- 75% of all employees prefer email as a means of communication
According to Statista, the volume of email traffic is set to increase further in the coming years (376.4 billion emails in 2025). The email remains the No. 1 means of communication for a variety of reasons. The email enjoys global acceptance as a decentralized service that is simple, affordable and freely available (users can even run their own mail servers, if they like). As a rule, an email address is required to log into online stores or online platforms. Newsletters and transactional emails are part of daily (digital) life. And even though emails, too, are often the target of cybercrime in the form of phishing, the German study “E-Mail für Dich 2.0” (“Email for You 2.0”) found that emails continue to be regarded as a reliable and – in contrast to social media or instant messaging channels – trusted means of communication. Moreover, emails can play an important role in eDiscovery processes (eDiscovery Processes and Business Emails: What You Need to Know).
Alternative Channels of Communication
In the meantime, new alternative forms of communication such as messenger services and collaboration platforms are gaining in traction. That being said, the email is not being squeezed out of the picture either. It is more the case that certain forms of communication are being moved onto alternative channels that are considered more suitable. After all, the email is not a project management or social collaboration tool. Nor is it suitable for in-house, dialog-oriented communication (although it is often misused for this purpose).
Due to the growth in popularity of the smartphone, communication has shifted to messenger services such as WhatsApp, especially in the personal sphere, as these tools are optimized for mobile use and are better suited for everyday chit-chat. At home – as mentioned briefly above – email accounts are used predominantly for accessing online stores, receiving transactional emails and newsletters, and for composing messages of an “official” nature, e.g. interaction with public agencies, insurance companies, and the like.
In the business world, too, alternative communication channels are increasingly being used to deal with specific matters. Collaboration platforms such as Microsoft Teams offer chat functions and digital telephony as a quick and informal way for employees to deal with minor everyday matters. Similarly, online meetings can be conducted and documents worked on jointly without documents having to be sent to each individual employee. As working practices become more decentralized, a process that used to necessitate a visit to a colleague’s office or the meeting room can now take place digitally using collaboration software.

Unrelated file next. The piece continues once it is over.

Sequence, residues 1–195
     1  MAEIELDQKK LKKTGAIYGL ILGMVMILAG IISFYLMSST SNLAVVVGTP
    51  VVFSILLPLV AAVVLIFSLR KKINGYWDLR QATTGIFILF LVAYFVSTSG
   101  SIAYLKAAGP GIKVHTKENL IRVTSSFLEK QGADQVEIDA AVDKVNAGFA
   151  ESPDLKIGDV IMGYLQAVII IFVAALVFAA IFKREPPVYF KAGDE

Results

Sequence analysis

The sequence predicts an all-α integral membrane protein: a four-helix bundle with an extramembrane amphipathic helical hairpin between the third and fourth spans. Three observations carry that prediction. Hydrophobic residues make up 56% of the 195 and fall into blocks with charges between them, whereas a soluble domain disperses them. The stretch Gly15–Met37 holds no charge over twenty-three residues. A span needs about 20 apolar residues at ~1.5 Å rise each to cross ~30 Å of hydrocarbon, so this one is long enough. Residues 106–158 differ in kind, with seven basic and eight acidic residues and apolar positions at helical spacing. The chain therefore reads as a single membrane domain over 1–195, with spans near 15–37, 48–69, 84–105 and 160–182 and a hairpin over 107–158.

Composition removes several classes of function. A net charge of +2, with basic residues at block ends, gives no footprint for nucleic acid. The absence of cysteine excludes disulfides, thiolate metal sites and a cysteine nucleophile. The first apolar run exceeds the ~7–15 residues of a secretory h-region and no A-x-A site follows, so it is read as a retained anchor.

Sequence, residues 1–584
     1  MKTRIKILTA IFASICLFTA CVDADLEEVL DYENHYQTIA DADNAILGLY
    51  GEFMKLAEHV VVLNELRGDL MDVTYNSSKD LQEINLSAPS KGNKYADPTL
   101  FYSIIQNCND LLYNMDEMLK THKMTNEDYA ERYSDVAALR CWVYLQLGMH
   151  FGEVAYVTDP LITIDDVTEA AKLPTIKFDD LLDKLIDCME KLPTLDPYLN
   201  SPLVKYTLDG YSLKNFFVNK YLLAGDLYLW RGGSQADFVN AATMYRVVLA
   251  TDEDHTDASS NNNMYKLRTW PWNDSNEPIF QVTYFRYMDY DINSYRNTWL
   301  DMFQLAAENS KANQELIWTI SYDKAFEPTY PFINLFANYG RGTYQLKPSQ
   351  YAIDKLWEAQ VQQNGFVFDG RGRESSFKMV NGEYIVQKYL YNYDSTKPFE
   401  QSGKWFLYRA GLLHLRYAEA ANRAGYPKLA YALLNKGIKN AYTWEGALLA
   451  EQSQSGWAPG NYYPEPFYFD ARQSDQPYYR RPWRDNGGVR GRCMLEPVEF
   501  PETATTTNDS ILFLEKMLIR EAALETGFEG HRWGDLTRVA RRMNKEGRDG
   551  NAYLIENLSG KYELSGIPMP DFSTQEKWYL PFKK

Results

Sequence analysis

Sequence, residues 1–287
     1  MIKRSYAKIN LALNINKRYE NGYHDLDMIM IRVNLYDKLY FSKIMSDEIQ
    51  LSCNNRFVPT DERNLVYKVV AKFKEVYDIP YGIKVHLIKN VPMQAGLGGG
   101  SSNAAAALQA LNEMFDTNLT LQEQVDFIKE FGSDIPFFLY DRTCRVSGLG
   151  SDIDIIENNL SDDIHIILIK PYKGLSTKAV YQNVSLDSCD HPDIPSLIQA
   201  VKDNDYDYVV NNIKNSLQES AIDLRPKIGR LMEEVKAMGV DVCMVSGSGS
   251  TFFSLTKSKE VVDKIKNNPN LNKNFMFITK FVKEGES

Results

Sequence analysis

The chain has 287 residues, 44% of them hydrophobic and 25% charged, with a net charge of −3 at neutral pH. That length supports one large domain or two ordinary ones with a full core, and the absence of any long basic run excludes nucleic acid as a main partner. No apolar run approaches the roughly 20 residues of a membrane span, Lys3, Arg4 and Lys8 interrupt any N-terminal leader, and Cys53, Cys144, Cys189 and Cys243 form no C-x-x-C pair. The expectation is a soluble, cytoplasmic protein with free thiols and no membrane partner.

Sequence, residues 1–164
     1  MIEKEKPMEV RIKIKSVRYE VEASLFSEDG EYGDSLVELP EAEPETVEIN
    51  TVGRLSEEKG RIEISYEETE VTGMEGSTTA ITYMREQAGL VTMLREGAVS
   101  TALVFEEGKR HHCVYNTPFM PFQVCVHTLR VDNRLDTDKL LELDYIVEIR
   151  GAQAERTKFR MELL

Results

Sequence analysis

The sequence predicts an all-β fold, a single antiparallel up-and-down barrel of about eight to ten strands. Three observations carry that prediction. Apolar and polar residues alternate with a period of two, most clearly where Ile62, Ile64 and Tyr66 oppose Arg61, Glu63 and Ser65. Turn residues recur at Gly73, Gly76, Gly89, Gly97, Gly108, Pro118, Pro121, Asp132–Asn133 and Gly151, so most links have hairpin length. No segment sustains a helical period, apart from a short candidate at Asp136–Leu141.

The Bottom Line
It remains to be seen how important email will be in the future. At the moment, due to its official character and the importance of having a well-documented form of communication, it remains the No. 1 means of communication, especially in the business environment, and will remain so for the foreseeable future. And what then?
Alongside the increasingly popular collaboration platforms and messenger services, which are all useful supplements to email, growth in virtual reality is making rapid progress. What options for communication will this open up? Virtual offices, avatar employees sitting in virtual offices and moving around freely to meet other avatar employees in virtual meeting rooms, for example? The imagination knows no limits. But until such technology attains market maturity and has been scrutinized by the legislator, we will probably continue opening our mailboxes every morning and be delighted (or vexed) by newsletters, spam mail, reply-alls, and the really important messages.
Do you want to secure your emails in the long term, keep them available and search them? Then take a closer look at the topic “email archiving”. In this article you will learn about the advantages of email archiving. For IT managers in companies, we have also created an overview for IT decision-makers.